Harper's Federal Agricultural Minister Gerry Ritz, who is responsible to the Board, has shown absolutely no evidence despite repeated requests from opposition members of the House, to validate how the Board could function commercially for the benefit of farmers with the loss of its single desk selling mandate.  The proposed changes in Bill C-18 with allowing farmers the option of bypassing the Board on export grain sales will essentially hollow out the Boards marketing strength and ultimately the international grain cartels will be the winners .    


During the election the governments standard response was on CWB policy was 'that farmers must decide the future of the CWB'.  That is all rhetoric and election promise now that Harper has his dubious majority.  With a mere 40% of those who voted supporting him, his government promise on CWB policy has deceptively altered.  Where Harper previously championed governing by the rule of law  we are now witnessing him and his Government flaunting the law!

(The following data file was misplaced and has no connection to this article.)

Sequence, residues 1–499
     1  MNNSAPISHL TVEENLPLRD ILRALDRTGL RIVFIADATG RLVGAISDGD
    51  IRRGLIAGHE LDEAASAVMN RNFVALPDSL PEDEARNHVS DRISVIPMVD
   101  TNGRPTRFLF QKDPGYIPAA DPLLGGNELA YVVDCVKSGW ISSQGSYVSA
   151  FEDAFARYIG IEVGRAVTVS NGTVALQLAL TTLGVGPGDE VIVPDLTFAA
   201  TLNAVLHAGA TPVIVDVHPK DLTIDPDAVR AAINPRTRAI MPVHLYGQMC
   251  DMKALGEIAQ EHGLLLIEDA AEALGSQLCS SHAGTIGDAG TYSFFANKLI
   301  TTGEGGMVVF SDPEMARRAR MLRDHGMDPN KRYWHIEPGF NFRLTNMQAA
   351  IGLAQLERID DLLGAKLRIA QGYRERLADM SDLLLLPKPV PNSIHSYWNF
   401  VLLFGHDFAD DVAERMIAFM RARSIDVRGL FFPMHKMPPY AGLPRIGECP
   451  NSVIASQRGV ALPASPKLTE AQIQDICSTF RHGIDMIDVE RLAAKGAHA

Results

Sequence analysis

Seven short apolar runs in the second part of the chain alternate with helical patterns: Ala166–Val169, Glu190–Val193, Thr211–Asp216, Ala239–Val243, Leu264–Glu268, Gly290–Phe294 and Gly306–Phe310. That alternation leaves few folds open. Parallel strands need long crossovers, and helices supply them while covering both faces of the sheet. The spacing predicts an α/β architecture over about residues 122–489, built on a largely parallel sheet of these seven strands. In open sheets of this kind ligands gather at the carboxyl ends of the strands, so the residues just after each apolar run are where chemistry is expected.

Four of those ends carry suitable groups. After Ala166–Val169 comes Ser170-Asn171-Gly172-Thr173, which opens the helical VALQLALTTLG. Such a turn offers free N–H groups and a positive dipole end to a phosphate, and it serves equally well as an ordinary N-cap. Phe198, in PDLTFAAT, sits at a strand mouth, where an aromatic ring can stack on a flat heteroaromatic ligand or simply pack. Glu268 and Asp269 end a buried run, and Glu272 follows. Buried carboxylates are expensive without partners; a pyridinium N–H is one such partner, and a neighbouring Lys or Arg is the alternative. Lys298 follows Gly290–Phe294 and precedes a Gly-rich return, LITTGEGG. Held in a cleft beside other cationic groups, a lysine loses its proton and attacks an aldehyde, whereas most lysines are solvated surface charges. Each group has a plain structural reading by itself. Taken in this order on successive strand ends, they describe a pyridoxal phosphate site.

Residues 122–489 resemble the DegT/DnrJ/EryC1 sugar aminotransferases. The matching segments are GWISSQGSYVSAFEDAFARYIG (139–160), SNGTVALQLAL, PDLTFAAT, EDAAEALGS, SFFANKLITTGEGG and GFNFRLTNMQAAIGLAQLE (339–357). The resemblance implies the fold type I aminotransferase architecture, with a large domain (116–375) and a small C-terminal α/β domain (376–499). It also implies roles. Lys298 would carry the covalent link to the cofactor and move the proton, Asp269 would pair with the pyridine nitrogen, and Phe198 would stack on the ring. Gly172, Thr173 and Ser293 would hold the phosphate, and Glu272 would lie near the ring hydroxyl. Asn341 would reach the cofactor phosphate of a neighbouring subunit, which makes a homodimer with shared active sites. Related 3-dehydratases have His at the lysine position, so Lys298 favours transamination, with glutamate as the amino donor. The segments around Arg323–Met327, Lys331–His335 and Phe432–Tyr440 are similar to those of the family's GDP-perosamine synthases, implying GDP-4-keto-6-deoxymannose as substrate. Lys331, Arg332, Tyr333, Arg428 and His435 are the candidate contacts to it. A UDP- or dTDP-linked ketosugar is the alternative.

Prairie and Peace River grain farmers from the 1930's fought for and won the marketing powers that have been granted to the CWB so it can equitably serve them.   The majority of them know what is at stake. The grain cartels will fair just nicely without aiding and abetting by the current Government!  The House page Bridgette Marcelle was right.

Norm Dyck
9257 - 96 Ave.
Grande Prairie, Alta
T8V6G7
=====
4) PLT: Go ahead, Warkinton, you anti-free-speech zifhhbab8883x - sue me, too!



Does your place of residence make you immune from climate calamity? I think not! (Opinion)

by Larry Powell I wish I had a nickel for every time I heard one of my fellow "prairie dogs" remark, how "lucky" or...